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Deterrence/Prevention

See the list below:

  • Good oral hygiene
  • Antibiotic therapy of bacterial oral and pharyngeal infections
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Complications

Complications of retropharyngeal abscess may include the following:

  • Airway obstruction
  • Mediastinitis
  • Pleural involvement
  • Atlantooccipital dislocation
  • Sepsis
  • Erosion of the second and third cervical vertebrae
  • Cranial nerve deficits (cranial nerves IX-XII are contained in the cervical fascia)
  • Septic thrombosis of jugular vein or hemorrhage secondary to erosion into carotid artery[40]
  • Compression of carotid artery and internal jugular vein[40]
  • Facial nerve palsy
  • Esophageal perforation[41]
  • Purulent meningoencephalitis[42]
  • Septic embolization[43]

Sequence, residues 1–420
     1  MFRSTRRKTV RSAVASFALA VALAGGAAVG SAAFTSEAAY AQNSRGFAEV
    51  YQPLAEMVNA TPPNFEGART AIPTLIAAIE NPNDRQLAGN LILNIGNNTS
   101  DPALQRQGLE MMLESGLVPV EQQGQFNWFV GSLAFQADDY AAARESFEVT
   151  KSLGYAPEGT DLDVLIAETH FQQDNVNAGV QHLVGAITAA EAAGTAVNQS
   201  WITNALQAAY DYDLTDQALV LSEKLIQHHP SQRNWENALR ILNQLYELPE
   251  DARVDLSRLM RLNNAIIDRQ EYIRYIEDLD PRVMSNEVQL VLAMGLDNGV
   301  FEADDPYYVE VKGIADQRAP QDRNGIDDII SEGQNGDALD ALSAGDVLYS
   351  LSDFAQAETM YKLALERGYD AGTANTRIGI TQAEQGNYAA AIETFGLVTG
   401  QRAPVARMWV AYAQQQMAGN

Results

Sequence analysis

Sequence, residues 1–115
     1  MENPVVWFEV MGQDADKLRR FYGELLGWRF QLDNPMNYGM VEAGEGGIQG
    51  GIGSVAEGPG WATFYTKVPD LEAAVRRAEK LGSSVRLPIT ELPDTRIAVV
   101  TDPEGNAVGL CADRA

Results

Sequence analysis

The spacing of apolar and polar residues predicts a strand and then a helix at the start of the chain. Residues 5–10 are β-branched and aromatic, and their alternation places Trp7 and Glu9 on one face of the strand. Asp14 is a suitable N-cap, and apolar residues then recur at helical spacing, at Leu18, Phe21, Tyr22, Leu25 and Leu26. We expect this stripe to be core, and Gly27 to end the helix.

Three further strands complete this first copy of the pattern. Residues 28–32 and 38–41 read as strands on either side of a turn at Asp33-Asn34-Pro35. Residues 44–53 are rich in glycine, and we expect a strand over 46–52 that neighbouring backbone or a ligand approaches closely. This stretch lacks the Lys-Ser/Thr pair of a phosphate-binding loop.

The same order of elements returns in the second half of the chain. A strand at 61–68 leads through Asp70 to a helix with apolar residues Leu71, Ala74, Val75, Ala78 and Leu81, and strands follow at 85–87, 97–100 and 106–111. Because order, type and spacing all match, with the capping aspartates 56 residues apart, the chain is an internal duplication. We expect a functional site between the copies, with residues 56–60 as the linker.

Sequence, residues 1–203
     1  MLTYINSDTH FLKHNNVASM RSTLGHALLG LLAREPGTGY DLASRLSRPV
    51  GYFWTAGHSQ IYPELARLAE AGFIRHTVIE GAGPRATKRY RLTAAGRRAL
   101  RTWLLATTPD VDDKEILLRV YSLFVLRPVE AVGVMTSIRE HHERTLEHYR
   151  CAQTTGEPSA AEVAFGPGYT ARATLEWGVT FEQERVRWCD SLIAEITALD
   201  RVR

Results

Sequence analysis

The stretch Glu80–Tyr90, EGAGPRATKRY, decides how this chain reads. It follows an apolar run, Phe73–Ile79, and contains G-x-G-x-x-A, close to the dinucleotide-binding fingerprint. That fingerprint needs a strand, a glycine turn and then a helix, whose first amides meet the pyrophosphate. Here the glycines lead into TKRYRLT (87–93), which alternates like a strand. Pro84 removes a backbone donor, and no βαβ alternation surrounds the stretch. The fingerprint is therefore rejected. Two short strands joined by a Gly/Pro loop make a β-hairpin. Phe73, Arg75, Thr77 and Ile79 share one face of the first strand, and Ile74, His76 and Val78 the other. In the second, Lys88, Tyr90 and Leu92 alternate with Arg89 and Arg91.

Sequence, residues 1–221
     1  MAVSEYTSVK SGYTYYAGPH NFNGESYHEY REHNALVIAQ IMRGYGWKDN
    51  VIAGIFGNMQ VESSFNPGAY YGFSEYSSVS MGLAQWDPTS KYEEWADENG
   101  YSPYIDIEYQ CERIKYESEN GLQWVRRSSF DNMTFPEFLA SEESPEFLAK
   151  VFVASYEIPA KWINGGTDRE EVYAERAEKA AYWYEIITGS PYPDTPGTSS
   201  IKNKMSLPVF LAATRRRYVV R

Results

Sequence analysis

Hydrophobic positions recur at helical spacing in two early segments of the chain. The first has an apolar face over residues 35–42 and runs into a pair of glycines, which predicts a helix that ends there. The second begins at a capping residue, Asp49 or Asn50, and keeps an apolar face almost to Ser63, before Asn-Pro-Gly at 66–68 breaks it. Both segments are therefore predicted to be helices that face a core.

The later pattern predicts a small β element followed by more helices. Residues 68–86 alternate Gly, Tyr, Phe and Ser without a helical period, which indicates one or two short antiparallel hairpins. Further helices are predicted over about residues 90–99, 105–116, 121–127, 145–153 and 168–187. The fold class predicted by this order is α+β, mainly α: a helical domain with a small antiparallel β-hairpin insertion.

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Prognosis

See the list below:

  • Prognosis generally is good if retropharyngeal abscess is identified early, managed aggressively, and complications do not occur.
  • The mortality rate may be as high as 40-50% in patients in whom serious complications develop.
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Patient Education

Patients should be brought to the ED immediately if they develop the inability to swallow or have difficulty breathing in conjunction with a sore throat.

For patient education information, see Medscape Drugs & Diseases' Infections Center, as well as Skin Abscess and Antibiotics.

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Contributor Information and Disclosures
Author

Joseph H Kahn, MD Director of Medical Student Education, Associate Professor, Department of Emergency Medicine, Boston Medical Center, Boston University School of Medicine